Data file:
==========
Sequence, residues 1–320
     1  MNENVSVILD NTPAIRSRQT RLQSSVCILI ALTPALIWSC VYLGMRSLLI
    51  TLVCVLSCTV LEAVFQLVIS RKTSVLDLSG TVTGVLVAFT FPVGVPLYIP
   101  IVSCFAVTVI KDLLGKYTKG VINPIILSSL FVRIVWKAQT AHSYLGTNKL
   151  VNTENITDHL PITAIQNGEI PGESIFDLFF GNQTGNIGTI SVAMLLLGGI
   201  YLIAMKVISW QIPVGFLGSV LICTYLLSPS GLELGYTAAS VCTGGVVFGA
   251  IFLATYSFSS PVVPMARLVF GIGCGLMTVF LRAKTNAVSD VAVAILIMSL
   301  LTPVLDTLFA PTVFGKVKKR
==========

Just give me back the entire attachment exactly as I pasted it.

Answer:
Sequence, residues 1–320
     1  MNENVSVILD NTPAIRSRQT RLQSSVCILI ALTPALIWSC VYLGMRSLLI
    51  TLVCVLSCTV LEAVFQLVIS RKTSVLDLSG TVTGVLVAFT FPVGVPLYIP
   101  IVSCFAVTVI KDLLGKYTKG VINPIILSSL FVRIVWKAQT AHSYLGTNKL
   151  VNTENITDHL PITAIQNGEI PGESIFDLFF GNQTGNIGTI SVAMLLLGGI
   201  YLIAMKVISW QIPVGFLGSV LICTYLLSPS GLELGYTAAS VCTGGVVFGA
   251  IFLATYSFSS PVVPMARLVF GIGCGLMTVF LRAKTNAVSD VAVAILIMSL
   301  LTPVLDTLFA PTVFGKVKKR